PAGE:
Oliver Sacks on Near-Death Experiences in Skeptical Inquirer

sacks siBooks such as Proof of Heaven and Heaven is For Real have been flying off the shelves lately, tantalizing readers with what purport to be genuine glimpses into the great beyond. But in the latest issue of Skeptical Inquirer, famed neuroscientist Oliver Sacks (Musicophelia, The Mind’s Eye, Awakenings) explains to Point of Inquiry’s Indre Viskontas that while these kinds of experiences seem real, in the confines of a brain experiencing a hallucination, “a few seconds of altered consciousness as one emerges from coma would be enough” to give someone what felt like a lifetime of meaningful experiences. 

Also in this issue: Benjamin Radford carefully works to explain what looks like a “false flag” conspiracy regarding the death of Sandy Hook shooter Adam Lanza; Air Force Academy professor and civil libertarian Barry Fagin challenges what he sees as the skeptic movement’s bias toward liberal politics and policy at the expense of critical evaluation; and George Mason University’s Eugenie V. Mielczarek and Brian D. Engler look at the fallout from the government’s incentivizing the insertion of alternative medicine into medical school curricula, calling it a “two-decade fiscal morass of mythological non-evidence based delivery of medical care.”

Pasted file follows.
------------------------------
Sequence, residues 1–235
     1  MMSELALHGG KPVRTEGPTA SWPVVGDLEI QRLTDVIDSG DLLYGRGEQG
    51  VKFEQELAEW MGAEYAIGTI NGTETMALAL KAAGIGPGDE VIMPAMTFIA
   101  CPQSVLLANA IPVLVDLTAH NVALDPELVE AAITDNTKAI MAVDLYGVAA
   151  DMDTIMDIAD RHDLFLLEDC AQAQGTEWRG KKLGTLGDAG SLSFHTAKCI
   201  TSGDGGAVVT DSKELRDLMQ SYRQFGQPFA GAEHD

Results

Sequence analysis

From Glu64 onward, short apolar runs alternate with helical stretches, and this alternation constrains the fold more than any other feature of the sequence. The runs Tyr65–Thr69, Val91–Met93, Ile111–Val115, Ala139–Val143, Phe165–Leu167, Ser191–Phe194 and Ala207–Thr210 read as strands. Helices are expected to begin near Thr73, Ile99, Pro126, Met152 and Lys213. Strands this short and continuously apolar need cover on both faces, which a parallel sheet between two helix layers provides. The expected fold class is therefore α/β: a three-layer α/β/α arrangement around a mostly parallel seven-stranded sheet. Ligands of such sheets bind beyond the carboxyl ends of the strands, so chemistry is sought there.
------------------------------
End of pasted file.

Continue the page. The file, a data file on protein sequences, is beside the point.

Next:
he May-June edition of Skeptical Inquirer is available on newsstands now. For more information, visit www.csicop.org/si.

Ben Radford and Joe Nickell in the Media:
Taking Down Sylvia Browne and Joe’s New Book on Miracles

Though the world celebrated to see the rescue and recovery of three kidnapped women in Cleveland, Ohio after a decade of captivity, surrounding events cast a newly-skeptical eye on the practice of so-called psychics. 

In 2004, celebrity psychic Sylvia Browne told the mother of kidnap victim Amanda Berry, that Amanda was dead—and did so on national television. Huffington Post turned to CSI’s investigators Joe Nickell and Ben Radford for a deeper understanding of how psychics play upon the worries and fears of victims’’ families and on law enforcement, desperate for clues.